GAINESVILLE — So this is how you want to do it?
No easing into expectations, no taking a minute to get settled? Just walk right into a stadium with 90,799 people and blow their freaking minds?
Say this about the new guy, he knows how to say hello.
Florida fans had been waiting months to see the latest boy wonder of the college coaching world, and Billy Napier somehow managed to exceed even an optimist’s best hopes in his Gator debut.
He took a team that finished last season in the dumps and introduced it to America on Saturday night by beating No. 7 Utah 29-26 in a thriller that will undoubtedly ramp up anticipation to starry-eyed levels.
He gambled when the moment demanded it, and played it cool when the situation was right. His team was (mostly) disciplined, his quarterback was (occasionally) brilliant and his explanation was (entirely) modest. And when it was over, he walked off to fireworks and dance music.
“Pretty good football game, huh,” he grinned.
I guess, around here, patience is overrated.
This season was supposed to be the start of an overhaul. A gradual start to a new era after a series of disappointing recruiting classes and a collection of also-ran seasons under three lukewarm coaches.
And, maybe, that’s still how it will play out. Maybe there will be obvious growing pains ahead.
But Napier, 43, just accelerated the hopes of a lot of fans and likely caught the attention of a few coaches in the Southeastern Conference with the way the Gators played Saturday night.
“A win like that is only going to boost our confidence,” said running back Montrell Johnson, who gained 75 yards and scored a touchdown.
This, my friends, was not a fluke. The Gators may have caught a break here and there, but playing against the defending Pac-10 champions, they were the better team for a good portion of the night.
When given the opportunity, they were more physical. When given a crack, they were more explosive. When backed up to the wall, they were more aggressive.
They gained a handful of more yards than Utah, they played to a standstill in the turnover battle and they were the better team in the red zone.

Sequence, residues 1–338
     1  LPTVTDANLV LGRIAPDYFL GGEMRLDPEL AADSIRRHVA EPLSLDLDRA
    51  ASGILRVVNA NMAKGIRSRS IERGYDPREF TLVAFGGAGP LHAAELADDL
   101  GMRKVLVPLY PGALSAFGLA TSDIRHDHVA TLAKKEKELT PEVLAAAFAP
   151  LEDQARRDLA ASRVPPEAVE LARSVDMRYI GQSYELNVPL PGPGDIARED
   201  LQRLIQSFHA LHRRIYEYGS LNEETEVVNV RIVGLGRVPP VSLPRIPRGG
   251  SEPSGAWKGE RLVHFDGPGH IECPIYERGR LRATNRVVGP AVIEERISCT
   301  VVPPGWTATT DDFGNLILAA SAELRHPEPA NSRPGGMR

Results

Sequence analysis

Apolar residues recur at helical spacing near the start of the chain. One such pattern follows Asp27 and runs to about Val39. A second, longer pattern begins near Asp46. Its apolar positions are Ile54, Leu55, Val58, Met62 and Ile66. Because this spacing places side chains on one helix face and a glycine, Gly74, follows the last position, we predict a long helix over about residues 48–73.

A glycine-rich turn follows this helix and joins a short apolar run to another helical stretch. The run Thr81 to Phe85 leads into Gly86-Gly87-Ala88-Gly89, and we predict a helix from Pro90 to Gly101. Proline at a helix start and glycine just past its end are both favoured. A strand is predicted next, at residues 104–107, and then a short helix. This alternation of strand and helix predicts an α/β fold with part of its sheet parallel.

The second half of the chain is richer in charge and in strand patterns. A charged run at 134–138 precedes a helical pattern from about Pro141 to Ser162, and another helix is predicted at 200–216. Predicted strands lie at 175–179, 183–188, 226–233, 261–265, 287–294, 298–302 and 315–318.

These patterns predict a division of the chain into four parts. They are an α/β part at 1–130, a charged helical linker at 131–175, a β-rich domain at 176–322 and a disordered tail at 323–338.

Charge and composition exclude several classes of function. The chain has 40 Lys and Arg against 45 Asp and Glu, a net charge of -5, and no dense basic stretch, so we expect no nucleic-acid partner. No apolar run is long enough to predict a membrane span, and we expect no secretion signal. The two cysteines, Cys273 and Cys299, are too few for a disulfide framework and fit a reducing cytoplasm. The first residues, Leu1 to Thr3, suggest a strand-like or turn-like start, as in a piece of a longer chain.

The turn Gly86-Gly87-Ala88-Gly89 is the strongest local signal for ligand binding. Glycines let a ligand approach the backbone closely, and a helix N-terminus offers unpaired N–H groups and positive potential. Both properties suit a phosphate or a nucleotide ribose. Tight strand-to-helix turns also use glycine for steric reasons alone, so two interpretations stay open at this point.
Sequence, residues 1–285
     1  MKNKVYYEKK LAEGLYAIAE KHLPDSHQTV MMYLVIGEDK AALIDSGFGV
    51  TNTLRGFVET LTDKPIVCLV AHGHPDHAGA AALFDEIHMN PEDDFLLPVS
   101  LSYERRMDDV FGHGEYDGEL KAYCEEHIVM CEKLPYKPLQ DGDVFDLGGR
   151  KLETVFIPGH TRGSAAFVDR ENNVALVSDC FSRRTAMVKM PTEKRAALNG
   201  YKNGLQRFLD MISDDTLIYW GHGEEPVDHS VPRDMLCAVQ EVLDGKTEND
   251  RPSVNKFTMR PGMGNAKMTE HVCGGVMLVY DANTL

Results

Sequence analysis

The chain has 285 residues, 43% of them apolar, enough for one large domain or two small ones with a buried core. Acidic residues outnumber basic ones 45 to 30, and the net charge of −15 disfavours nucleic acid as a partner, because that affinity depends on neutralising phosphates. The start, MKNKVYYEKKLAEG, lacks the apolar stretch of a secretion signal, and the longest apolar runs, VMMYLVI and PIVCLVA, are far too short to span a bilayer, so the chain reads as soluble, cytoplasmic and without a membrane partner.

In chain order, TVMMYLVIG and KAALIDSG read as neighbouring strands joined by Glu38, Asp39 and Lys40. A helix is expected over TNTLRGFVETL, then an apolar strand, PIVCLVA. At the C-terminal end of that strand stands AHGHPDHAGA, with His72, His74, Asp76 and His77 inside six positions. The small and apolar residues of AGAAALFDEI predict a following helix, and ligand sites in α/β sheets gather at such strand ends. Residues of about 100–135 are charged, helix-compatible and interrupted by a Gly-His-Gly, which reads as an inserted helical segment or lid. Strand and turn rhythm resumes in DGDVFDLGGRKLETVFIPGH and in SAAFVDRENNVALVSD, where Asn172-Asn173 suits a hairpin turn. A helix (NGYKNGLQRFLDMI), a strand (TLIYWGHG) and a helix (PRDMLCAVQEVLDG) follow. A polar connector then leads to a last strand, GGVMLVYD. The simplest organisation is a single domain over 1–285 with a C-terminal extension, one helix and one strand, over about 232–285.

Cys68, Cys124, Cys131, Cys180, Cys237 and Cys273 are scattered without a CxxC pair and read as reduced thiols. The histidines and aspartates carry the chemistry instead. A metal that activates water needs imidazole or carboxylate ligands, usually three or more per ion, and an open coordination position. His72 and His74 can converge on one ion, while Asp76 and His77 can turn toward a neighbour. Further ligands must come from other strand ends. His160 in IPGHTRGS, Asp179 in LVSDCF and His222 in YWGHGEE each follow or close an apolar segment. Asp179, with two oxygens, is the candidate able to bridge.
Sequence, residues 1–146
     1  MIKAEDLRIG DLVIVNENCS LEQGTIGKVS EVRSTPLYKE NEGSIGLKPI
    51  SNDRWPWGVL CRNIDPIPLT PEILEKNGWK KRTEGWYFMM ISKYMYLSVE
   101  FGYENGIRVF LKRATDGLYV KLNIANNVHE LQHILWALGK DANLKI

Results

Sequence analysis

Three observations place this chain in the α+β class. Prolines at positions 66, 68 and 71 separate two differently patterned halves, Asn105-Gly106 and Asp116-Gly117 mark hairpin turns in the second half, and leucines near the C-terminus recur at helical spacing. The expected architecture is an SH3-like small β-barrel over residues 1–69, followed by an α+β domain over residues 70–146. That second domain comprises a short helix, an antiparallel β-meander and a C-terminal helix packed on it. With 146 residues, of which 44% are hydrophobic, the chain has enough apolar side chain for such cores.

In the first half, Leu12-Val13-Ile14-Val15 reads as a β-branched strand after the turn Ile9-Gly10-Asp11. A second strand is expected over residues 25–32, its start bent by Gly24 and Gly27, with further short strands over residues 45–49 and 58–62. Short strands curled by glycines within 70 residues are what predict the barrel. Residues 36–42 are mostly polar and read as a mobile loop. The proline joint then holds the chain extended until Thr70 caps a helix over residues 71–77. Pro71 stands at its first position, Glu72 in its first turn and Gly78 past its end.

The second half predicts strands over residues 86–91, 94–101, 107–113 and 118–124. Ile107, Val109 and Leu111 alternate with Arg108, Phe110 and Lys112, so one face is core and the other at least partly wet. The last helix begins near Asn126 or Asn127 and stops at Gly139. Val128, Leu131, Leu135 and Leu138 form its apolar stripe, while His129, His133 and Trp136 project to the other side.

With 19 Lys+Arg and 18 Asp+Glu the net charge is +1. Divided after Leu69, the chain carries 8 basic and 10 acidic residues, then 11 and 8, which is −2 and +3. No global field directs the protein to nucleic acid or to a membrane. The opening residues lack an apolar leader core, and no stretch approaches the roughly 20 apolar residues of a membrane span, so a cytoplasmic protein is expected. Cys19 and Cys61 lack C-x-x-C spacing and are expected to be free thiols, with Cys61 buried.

“This group has got fight in it,” Napier said. “I don’t think I’ve said that publicly. One thing about our team that I respect is they compete.”
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So the defense is not yet playoff caliber, but it’s also not sieve it appeared to be last year. And when they needed it most, the Gators stopped Utah on four consecutive plays for a critical goal line stand on the opening drive of the second half.
And then, when Utah was threatening to score in the final minute, St. Petersburg’s Amari Burney sealed the victory with an interception in the endzone.
“To see that guy make that play, that’s a special moment for him,” Napier said.
And the growth of quarterback Anthony Richardson from freshman to sophomore makes you wonder what former coach Dan Mullen was missing last season.
Yes, Richardson is a year older but he looked far more poised than the hair-on-fire way he played at times last season.
Richardson looked comfortable running UF’s pro-style offense and quickly hit open receivers downfield. He had a handful of errant passes, but didn’t force plays that weren’t there.
And, when UF needed it, he pulled off moments that few other quarterbacks can make.
There was the play-action call late in the first half when he waited a beat in the pocket and then dashed down the left sideline for a 45-yard touchdown run for Florida’s first lead of the night.
There was the two-point conversion when he faked a jump pass with a defender in his face and then spun around and scrambled to the right before finding Ja’Quavion Fraziars in the back of the end zone.
There was the fourth down scramble on the game-winning drive when he paused for just a beat in the pocket to freeze Utah’s linebackers, and then took off around the right tackle for the first down.
“Anthony was great,” said Johnson. “I don’t care what he says, he’ll probably say he messed up a lot, but he played a great game.”
There is something to be said here about faith. And trust. And loyalty.
Napier has spent the better part of the summer convincing his players to follow him, and then he turned around on opening night and demonstrated his faith in them.
Particularly in Richardson.
Backed up within inches of their own goal line, he called for a passing play. Stuck on fourth down in the red zone, he went for the touchdown.
“We just knocked off a top-ranked team,” Richardson said. “There’s a lot of good energy in the locker room right now.”
It will only get crazier from here. The bar has been raised and the expectations have been juiced. Richardson played like a star, Napier sounded like a genius and Florida looked like it was back.
John Romano can be reached at email@example.com. Follow @romano_tbtimes.
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